What is Cryogenic Processing?

There are no “official” definitions of the term cryogenic processing. Controlled Thermal Processing (CTP) considers the definition of the process to be:

“The modification of a material or component using cryogenic temperatures.”

Cold Treatments generally only go down to temperatures of 178ºK (-140ºF, -96ºC). Cryogenic treatments have been found to offer performance over and above that of cold treatments by studies performed by the Illinois Institute of Technology Research Institute for the US Army Aviation and Missile Command.

The word Cryogenics is derived from the Greek words ‘Kryos” (meaning cold) and “Genes” (meaning born). It was first seen around 1894 by a fellow named Kamerlingh Onnes to describe his Leiden Cryogenic Laboratory. He was a professor of Physics from 1882 to 1923 at the University of Liden. In 1904 he founded a very large cryogenics laboratory and invited other researchers to the location, which made him highly regarded in the scientific community. He was the first physicist to liquefy helium, doing so in 1908. By 1937, “cryogenics” was being freely used in relation to gases and their critical points. This usage in the 1930’s led to the definition of 120ºK as the upper limit of the cryogenic temperature range.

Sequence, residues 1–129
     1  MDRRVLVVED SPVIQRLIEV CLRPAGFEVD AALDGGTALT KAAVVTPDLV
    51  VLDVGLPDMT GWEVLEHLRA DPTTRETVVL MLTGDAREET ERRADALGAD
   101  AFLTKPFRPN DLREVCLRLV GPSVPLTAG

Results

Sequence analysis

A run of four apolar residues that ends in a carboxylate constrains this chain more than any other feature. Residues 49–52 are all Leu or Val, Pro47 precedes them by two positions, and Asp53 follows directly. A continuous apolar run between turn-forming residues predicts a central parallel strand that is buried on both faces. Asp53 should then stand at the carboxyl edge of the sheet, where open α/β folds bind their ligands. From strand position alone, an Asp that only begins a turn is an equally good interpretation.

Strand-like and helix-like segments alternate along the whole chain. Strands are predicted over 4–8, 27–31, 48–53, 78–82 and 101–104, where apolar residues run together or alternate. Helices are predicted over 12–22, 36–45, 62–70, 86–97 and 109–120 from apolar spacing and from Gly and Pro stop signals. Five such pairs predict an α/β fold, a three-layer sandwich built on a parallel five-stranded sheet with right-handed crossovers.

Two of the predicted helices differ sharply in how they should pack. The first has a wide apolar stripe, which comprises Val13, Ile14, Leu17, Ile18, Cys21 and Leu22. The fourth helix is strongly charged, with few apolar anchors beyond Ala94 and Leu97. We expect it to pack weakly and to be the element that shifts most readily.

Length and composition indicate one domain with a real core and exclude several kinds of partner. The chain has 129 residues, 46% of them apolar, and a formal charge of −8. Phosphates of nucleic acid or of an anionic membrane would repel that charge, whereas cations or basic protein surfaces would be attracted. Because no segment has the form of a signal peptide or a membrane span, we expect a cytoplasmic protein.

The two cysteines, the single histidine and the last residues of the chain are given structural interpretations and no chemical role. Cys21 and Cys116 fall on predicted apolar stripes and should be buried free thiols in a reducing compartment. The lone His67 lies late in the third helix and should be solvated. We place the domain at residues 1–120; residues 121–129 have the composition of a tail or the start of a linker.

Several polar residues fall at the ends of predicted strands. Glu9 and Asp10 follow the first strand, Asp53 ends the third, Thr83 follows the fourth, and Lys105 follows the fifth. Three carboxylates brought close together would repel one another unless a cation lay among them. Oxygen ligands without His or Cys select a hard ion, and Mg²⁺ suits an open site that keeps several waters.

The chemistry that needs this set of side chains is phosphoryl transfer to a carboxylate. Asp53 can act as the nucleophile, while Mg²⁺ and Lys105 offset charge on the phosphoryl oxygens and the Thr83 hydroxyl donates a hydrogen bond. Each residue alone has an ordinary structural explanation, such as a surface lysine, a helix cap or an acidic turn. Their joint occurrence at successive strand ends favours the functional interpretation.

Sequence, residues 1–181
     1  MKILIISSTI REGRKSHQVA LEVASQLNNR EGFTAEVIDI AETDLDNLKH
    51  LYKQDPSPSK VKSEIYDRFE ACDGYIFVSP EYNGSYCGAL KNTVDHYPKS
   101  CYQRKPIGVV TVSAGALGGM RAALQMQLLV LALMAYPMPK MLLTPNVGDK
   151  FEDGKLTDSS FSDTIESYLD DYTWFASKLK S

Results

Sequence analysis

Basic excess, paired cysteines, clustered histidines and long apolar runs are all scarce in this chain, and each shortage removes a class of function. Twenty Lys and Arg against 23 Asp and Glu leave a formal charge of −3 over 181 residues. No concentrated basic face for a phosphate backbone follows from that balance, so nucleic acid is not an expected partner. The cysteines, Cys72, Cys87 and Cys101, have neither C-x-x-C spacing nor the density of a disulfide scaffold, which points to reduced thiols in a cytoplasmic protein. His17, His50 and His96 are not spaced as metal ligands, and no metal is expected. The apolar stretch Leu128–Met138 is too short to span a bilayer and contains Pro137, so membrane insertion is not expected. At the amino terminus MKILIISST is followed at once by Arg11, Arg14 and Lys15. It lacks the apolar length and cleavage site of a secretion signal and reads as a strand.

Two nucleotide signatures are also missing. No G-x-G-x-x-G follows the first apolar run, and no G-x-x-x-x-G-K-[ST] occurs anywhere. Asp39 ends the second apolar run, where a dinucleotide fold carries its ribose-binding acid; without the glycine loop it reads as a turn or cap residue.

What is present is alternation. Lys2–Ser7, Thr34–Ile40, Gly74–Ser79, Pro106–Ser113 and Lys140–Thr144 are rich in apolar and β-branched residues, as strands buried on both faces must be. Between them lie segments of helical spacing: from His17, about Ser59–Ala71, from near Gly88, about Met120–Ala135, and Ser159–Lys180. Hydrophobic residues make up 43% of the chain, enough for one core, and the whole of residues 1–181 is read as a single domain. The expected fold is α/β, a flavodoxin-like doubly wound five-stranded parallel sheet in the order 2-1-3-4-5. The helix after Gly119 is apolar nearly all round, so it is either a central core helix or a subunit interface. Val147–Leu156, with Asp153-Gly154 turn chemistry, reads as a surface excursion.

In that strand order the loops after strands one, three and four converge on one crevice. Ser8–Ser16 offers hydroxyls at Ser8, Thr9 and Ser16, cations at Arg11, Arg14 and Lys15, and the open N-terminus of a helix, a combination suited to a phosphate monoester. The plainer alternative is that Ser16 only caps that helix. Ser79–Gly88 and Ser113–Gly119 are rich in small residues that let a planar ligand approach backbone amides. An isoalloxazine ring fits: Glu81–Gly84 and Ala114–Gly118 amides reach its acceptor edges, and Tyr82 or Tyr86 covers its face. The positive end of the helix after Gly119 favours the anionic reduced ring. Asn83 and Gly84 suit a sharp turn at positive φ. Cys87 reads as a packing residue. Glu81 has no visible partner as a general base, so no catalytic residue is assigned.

Since 1945, the increased use of “cold” in medicine and industry has resulted in higher temperatures being labeled as cryogenic. In our industry this has led to some problems, as heat treaters tend to call the -110ºF cold treatment to convert retained austenite to martensite a cryogenic treatment. It is not cryogenic, and it does not do the same thing.

Since there is no official definition of the process, the process parameters vary widely from one company to the next. Processes and equipment vary considerably from one company to the next.

Simply specifying “cryogenic treatment” is not sufficient.

One must be very careful when comparing results from one company to those of another. Controlled Thermal Processing has been in business since 1982. Our equipment is the best available. Where our cryogenic processing machinery use the latest vacuum insulated dewars and heat exchanger technology, we have competitors who pour raw liquid nitrogen on their customer’s expensive tooling. Our techniques are proven ones. For instance, Controlled Thermal Processing, Inc. processes parts for other “cryogenic processing” companies because our process and machinery works where theirs fail.

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